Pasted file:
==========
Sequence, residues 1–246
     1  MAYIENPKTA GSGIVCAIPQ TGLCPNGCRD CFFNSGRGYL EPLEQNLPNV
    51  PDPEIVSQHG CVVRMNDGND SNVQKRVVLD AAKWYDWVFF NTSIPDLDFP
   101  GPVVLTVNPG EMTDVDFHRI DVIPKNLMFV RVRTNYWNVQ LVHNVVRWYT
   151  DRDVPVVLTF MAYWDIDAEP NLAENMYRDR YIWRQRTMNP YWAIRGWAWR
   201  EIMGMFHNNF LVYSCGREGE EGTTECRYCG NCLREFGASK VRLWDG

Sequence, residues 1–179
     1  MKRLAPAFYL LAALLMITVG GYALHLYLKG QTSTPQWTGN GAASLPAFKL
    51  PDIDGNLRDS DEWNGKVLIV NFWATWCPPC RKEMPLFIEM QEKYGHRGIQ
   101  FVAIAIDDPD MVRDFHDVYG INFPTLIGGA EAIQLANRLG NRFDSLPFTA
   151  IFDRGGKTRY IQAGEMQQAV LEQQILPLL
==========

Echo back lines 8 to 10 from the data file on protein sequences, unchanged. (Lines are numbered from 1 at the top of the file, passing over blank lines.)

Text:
     1  MKRLAPAFYL LAALLMITVG GYALHLYLKG QTSTPQWTGN GAASLPAFKL
    51  PDIDGNLRDS DEWNGKVLIV NFWATWCPPC RKEMPLFIEM QEKYGHRGIQ
   101  FVAIAIDDPD MVRDFHDVYG INFPTLIGGA EAIQLANRLG NRFDSLPFTA